The start of the election season rekindles fears of a return to action by the notorious protagonists of electoral fraud known in South Florida as boleteras.
The boleteras are grassroots campaign workers on steroids. They recruit and handle the absentee ballots of voters, mostly the elderly or disabled, and allegedly persuade them to favor candidates who have them on their campaign payroll as employees. The fraud is committed under the guise of delivering the voters’ ballots to the elections department, free of charge. How convenient.
In 2012, a boletera scandal erupted in Miami-Dade when the work of a Hialeah woman named Deisy Cabrera was uncovered.
Ultimately, Ms. Cabrera’s shenanigans proved to be minor in the sea of electoral corruption. Interestingly, the Miami-Dade state attorney's office granted immunity to Anamary Pedrosa, the alleged coordinator of several of the boleteras like Ms. Cabrera. The move left in the shadows the boletera case which had tentacles to the campaigns of two state representatives and four judges.
There were more complications in the probe. Citing a conflict of interest, the investigation was passed on to the Broward State Attorney's Office because one of the boleteras worked in the reelection campaigns of Miami-Dade State Attorney Katherine Fernandez Rundle and Miami-Dade County Mayor Carlos Gimenez. Then, it took the Miami-Dade police public corruption unit seven months to send their investigative report to Broward. By then, the brouhaha about the boleteras had subsided.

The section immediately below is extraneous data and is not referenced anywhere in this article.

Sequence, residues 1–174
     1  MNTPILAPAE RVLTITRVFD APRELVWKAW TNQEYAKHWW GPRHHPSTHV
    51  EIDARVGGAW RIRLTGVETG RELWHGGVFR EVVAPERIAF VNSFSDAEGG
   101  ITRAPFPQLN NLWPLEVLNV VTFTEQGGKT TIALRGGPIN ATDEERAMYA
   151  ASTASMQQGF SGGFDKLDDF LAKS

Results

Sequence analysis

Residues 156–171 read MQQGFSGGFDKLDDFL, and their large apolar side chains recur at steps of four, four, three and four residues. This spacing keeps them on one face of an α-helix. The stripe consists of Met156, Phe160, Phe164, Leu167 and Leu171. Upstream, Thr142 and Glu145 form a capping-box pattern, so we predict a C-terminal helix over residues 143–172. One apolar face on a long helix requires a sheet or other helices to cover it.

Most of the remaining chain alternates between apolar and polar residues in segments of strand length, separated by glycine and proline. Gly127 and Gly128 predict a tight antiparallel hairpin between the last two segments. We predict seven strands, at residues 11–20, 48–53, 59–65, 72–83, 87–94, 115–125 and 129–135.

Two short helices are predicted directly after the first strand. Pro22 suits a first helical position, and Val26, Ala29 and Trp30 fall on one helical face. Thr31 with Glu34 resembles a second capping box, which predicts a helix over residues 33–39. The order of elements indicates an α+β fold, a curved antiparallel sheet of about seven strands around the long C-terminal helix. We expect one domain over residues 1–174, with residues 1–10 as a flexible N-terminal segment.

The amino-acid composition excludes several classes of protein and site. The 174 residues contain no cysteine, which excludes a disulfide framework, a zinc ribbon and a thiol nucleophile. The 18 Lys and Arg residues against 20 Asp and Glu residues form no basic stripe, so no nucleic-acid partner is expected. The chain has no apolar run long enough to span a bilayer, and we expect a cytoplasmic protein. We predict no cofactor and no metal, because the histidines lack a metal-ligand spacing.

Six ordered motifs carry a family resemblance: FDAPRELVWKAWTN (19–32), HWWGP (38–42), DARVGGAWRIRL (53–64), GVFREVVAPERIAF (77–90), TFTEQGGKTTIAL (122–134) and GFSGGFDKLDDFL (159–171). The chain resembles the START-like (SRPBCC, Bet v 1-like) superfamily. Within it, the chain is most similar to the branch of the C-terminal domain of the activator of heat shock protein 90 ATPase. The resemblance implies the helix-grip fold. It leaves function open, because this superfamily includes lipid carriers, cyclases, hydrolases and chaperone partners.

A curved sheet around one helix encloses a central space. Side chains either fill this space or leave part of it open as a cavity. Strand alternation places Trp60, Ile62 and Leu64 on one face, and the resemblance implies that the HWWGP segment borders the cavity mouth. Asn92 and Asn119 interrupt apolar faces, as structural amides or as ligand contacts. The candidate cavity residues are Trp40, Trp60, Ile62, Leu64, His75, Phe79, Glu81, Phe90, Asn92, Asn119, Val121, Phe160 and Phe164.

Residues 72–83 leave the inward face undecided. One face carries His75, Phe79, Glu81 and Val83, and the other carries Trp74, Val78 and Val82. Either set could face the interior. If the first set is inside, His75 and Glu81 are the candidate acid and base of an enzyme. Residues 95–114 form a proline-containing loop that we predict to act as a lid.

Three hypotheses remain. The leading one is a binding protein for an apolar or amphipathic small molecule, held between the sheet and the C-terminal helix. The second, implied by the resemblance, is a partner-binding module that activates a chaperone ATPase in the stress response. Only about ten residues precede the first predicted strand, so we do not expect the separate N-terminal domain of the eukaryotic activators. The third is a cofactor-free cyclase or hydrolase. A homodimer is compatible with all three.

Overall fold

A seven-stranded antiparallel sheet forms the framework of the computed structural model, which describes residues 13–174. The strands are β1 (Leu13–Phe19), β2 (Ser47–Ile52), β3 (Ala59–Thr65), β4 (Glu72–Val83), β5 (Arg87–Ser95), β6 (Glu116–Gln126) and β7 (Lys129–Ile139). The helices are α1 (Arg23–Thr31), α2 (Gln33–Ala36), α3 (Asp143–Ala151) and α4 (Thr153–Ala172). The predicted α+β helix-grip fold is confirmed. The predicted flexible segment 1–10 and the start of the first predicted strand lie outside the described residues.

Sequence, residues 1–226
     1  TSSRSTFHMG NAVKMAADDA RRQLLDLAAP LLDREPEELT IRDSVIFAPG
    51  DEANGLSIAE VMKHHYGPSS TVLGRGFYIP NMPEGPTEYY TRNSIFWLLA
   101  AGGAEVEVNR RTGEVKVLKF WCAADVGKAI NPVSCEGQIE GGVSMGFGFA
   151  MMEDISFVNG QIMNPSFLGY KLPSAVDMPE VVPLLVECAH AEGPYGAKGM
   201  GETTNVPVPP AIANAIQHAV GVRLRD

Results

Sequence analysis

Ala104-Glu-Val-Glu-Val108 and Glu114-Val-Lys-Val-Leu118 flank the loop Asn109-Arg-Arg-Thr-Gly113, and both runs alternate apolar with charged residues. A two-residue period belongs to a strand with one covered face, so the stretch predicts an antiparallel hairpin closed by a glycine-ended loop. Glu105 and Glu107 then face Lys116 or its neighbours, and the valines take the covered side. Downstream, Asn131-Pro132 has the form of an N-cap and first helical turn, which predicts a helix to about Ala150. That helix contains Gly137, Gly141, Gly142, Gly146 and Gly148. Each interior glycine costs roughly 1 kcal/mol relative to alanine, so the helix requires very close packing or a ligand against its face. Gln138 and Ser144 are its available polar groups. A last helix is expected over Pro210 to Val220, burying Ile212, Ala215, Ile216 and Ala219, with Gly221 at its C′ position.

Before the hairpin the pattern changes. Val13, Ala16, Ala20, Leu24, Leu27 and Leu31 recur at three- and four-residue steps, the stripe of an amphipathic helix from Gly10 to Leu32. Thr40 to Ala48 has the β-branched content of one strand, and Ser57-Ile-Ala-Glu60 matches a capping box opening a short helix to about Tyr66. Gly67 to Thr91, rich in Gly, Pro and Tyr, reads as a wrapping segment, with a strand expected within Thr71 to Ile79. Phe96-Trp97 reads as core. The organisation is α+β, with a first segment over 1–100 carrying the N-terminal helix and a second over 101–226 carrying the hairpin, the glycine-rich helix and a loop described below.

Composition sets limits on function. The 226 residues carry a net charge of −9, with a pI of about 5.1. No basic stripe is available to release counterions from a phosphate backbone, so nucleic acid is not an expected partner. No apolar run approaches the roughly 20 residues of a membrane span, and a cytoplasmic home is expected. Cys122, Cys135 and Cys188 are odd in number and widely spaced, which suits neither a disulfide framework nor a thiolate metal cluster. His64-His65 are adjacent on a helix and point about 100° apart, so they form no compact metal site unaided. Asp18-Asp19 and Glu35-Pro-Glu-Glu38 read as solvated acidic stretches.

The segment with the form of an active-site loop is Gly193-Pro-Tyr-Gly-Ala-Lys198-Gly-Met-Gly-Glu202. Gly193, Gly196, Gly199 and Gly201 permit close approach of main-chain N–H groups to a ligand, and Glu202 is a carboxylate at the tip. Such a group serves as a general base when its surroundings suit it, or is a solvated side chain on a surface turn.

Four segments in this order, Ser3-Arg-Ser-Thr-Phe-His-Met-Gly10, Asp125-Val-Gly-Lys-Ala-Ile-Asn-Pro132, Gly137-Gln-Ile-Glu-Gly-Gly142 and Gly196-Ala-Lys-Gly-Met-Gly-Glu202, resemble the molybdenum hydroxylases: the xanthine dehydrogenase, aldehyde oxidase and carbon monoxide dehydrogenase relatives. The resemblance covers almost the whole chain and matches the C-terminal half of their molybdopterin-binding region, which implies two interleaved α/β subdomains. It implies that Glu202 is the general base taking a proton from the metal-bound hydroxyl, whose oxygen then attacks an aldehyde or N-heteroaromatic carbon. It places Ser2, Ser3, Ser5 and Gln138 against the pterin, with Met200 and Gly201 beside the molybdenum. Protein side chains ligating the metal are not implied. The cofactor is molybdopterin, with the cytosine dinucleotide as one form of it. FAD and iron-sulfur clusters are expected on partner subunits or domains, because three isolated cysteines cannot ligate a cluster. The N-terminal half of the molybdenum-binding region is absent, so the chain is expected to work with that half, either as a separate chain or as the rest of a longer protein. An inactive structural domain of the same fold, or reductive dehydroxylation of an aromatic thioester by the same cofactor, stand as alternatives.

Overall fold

Some light was shed on the work of the boleteras. The probe revealed that Ms. Pedrosa and Ms. Cabrera operated in a small universe of about 500 voters, mostly elderly Hispanics, suffering from diseases such as Alzheimer’s or disabled by other ailments. Many were shut-ins. But in general, they had one thing in common: For one reason or another, they could be persuaded to vote for this or that candidate — with the aid of a helpful boletera.
The investigation also uncovered lists of judicial candidates billed by Ms. Pedrosa for the services of the boleteras. But the authorities were unable to drill deep enough to get to the root of the scandal. That's a shame.
The handling of absentee ballots to favor a certain candidate is a crime. It also represents the betrayal of the voters’ trust in the election system. When that trust is lost, democracy is weakened. Thus, voter fraud of any kind is a direct attack on our political system.
As early voting gets underway and the Aug. 26 primary nears, authorities need to be alert to uncover the newest avalanche of ticket sellers, like the boleteras, willing to undermine the balloting to promote the election of corrupt politicians. This year, Ms. Fernandez Rundle is taking measures to prevent electoral fraud, including the launching of a hot line (305-547-3300) to report voting irregularities.
It’s forbidden for anyone to turn in more than two absentee ballots to the elections department, according to an ordinance proposed by Miami-Dade Commissioner Rebeca Sosa and approved in 2011. Violators face a fine and jail time.
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Until then, voters should not accept the services of anyone who, on the pretext of doing a good deed, fills out their absentee ballots in a way that benefits the candidate that hired them.
The war against electoral fraud requires continued vigilance. The scandal of the boleteras should not be repeated this election season.
CORRECTION: An earlier version of this article gave erroeneous information about the cost of mailing absenttee ballots. Miami-Dade County pays the postage of returning the ballots to the elections department, but only for ballots that include county-wide races, not municipal elections.